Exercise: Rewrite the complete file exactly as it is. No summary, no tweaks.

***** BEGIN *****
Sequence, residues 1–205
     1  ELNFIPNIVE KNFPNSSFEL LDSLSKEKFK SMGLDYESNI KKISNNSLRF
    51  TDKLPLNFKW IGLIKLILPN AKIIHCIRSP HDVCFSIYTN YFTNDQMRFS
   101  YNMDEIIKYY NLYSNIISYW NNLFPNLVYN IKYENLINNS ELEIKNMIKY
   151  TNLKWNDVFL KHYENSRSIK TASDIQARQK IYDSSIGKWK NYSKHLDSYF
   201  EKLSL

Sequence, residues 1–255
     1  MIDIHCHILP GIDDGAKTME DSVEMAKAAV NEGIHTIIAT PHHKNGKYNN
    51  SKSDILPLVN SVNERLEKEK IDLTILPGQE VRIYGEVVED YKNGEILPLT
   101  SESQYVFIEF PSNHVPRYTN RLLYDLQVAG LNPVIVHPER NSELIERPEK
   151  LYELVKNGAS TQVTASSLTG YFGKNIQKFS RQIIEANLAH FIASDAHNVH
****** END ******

Sequence, residues 1–205
     1  ELNFIPNIVE KNFPNSSFEL LDSLSKEKFK SMGLDYESNI KKISNNSLRF
    51  TDKLPLNFKW IGLIKLILPN AKIIHCIRSP HDVCFSIYTN YFTNDQMRFS
   101  YNMDEIIKYY NLYSNIISYW NNLFPNLVYN IKYENLINNS ELEIKNMIKY
   151  TNLKWNDVFL KHYENSRSIK TASDIQARQK IYDSSIGKWK NYSKHLDSYF
   201  EKLSL

Sequence, residues 1–255
     1  MIDIHCHILP GIDDGAKTME DSVEMAKAAV NEGIHTIIAT PHHKNGKYNN
    51  SKSDILPLVN SVNERLEKEK IDLTILPGQE VRIYGEVVED YKNGEILPLT
   101  SESQYVFIEF PSNHVPRYTN RLLYDLQVAG LNPVIVHPER NSELIERPEK
   151  LYELVKNGAS TQVTASSLTG YFGKNIQKFS RQIIEANLAH FIASDAHNVH